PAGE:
Judge dismisses lawsuit over flood plain rules

A coalition that fought new flood plain rules suffered a setback in federal court.

A federal judge has dismissed a lawsuit brought by developers against the federal government over proposed flood plain rules.

Oregonians for Floodplain Protection, a development coalition including building trade groups, Realtors, farmers, landowners and local governments, sued the U.S. Department of Commerce, National Marine Fisheries Service and Federal Emergency Management Agency last year. Warrenton, which is contending with flood-control issues, joined the lawsuit.

Lawyers for the coalition argued that flood plain rules proposed by the agencies are based on inadequate analysis, would restrict development and have bypassed the public rule-making process.

Federal officials argued the lawsuit was premature, lacking jurisdiction and should be dismissed because they have not implemented the rules.

U.S. District Judge Richard Leon sided with the federal agencies’ argument that no agency action had been taken regarding the alternative flood plain rules aside from sending notice letters to communities served by the flood insurance program.

“The bottom line is thus clear: plaintiffs have not alleged to date any ongoing, concrete injury arising from FEMA’s implementation of the” alternative flood plain rules, Leon wrote in his ruling.

A report finding no significant impact from the alternatives would need to be issued to constitute final action by FEMA and is not expected until next year, Leon wrote.

“I know that we are very disappointed by the court’s ruling and believe that the court misunderstood key components of our arguments,” said Molly Lawrence, a lawyer for the coalition. “That said, we were relieved by the court’s conclusion that FEMA has not yet taken any action to implement any of the substantive provisions” of the flood plain rules.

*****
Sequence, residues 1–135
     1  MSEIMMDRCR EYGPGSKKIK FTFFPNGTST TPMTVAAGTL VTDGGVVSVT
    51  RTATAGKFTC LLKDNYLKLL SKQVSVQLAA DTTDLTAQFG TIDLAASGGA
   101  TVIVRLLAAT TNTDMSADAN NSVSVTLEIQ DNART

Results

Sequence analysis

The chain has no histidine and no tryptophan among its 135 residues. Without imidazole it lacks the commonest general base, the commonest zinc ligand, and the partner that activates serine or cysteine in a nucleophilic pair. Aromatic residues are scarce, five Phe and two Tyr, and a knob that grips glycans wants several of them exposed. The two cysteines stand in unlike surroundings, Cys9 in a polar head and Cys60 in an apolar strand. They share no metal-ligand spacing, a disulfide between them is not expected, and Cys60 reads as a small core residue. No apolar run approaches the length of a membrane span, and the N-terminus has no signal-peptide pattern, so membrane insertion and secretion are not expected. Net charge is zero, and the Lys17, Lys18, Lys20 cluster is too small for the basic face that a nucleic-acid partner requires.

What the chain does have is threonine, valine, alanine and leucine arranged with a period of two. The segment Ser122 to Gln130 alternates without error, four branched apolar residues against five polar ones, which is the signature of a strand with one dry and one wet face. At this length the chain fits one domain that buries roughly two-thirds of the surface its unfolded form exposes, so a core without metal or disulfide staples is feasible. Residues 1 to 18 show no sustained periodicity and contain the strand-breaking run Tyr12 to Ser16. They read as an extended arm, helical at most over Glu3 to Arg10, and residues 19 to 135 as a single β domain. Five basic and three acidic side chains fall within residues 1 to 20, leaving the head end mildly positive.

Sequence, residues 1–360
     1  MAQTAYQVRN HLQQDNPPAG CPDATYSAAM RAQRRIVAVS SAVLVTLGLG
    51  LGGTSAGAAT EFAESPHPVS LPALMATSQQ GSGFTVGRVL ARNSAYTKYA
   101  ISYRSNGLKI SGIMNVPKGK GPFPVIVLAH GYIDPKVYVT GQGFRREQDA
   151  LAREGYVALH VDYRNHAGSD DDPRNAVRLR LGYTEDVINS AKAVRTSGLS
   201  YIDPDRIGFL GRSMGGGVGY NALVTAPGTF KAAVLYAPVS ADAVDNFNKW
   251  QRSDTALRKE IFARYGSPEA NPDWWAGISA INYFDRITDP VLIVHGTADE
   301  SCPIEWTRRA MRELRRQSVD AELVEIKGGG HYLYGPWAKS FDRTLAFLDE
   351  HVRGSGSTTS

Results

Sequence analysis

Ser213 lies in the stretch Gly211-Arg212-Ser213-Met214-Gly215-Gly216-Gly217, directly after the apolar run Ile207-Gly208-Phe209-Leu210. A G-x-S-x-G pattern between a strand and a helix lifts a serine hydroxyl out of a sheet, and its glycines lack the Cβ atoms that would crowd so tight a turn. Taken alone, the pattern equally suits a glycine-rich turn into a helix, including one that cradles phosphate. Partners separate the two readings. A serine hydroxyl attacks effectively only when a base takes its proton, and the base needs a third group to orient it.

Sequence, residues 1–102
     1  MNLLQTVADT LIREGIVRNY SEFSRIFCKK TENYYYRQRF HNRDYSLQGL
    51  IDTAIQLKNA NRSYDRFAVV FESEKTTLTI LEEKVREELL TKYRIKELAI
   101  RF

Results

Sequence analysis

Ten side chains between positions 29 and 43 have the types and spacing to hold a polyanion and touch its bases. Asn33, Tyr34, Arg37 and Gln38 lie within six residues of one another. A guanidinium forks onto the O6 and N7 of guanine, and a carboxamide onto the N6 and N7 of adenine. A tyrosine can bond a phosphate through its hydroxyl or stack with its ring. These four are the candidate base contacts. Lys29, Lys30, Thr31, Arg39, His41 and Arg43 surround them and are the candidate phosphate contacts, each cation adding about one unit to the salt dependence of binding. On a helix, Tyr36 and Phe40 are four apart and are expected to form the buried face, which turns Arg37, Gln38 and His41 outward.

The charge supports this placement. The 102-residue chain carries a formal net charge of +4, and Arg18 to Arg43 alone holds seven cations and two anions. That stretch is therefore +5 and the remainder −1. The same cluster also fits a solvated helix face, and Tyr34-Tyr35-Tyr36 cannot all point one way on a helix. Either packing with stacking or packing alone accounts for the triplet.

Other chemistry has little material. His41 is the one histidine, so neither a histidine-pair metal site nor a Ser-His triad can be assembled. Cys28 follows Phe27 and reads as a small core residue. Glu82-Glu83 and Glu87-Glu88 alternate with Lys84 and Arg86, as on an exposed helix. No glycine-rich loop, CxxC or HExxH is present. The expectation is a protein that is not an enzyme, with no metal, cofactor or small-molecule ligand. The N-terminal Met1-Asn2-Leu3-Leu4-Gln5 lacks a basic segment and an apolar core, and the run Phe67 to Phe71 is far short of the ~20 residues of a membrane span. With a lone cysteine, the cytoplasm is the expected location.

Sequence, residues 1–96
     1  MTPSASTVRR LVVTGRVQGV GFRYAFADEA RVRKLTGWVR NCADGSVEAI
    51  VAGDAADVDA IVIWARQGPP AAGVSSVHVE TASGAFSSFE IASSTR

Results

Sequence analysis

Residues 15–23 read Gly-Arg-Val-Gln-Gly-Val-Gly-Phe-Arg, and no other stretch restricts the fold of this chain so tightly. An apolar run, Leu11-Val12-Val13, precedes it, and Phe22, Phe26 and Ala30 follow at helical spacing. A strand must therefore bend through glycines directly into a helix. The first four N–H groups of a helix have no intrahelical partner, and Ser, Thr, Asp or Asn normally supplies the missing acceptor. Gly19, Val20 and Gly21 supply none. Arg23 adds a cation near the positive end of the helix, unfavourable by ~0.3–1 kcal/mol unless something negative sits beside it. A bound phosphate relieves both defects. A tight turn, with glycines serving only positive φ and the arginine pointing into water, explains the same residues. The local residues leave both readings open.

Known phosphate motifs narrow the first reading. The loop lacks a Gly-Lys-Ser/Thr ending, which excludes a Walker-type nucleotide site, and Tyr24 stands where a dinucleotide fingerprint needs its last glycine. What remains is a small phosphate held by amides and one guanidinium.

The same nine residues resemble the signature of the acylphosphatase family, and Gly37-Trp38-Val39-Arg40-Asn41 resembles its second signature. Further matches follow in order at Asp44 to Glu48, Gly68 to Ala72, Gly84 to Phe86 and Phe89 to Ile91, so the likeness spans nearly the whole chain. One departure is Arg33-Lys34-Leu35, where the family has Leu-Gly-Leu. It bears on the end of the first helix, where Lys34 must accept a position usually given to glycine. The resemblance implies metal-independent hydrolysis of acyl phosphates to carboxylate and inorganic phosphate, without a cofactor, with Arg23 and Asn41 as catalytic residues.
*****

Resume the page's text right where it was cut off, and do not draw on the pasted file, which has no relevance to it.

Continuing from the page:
No decision has been made yet on whether the coalition will appeal the judge’s ruling, she said.

The coalition’s lawsuit arose from another filed against FEMA by environmental groups in 2009 over the National Flood Insurance Program, which provides coverage to more than 250 cities and counties in exchange for their adopting flood plain regulations. The groups claimed the flood insurance program damaged the habitat of federally endangered salmon, steelhead and southern resident killer whales.

A settlement required FEMA to consult with the fisheries service and create alternative practices for the flood insurance program to better protect endangered species. In a 2016 biological opinion, the fisheries service proposed alternatives to limit development in flood- and erosion-prone areas, further protect salmon-bearing surface waters from development, enhance mapping and identification of flood- and erosion-prone areas, use local governmental help to track flood plain development and enhance enforcement.

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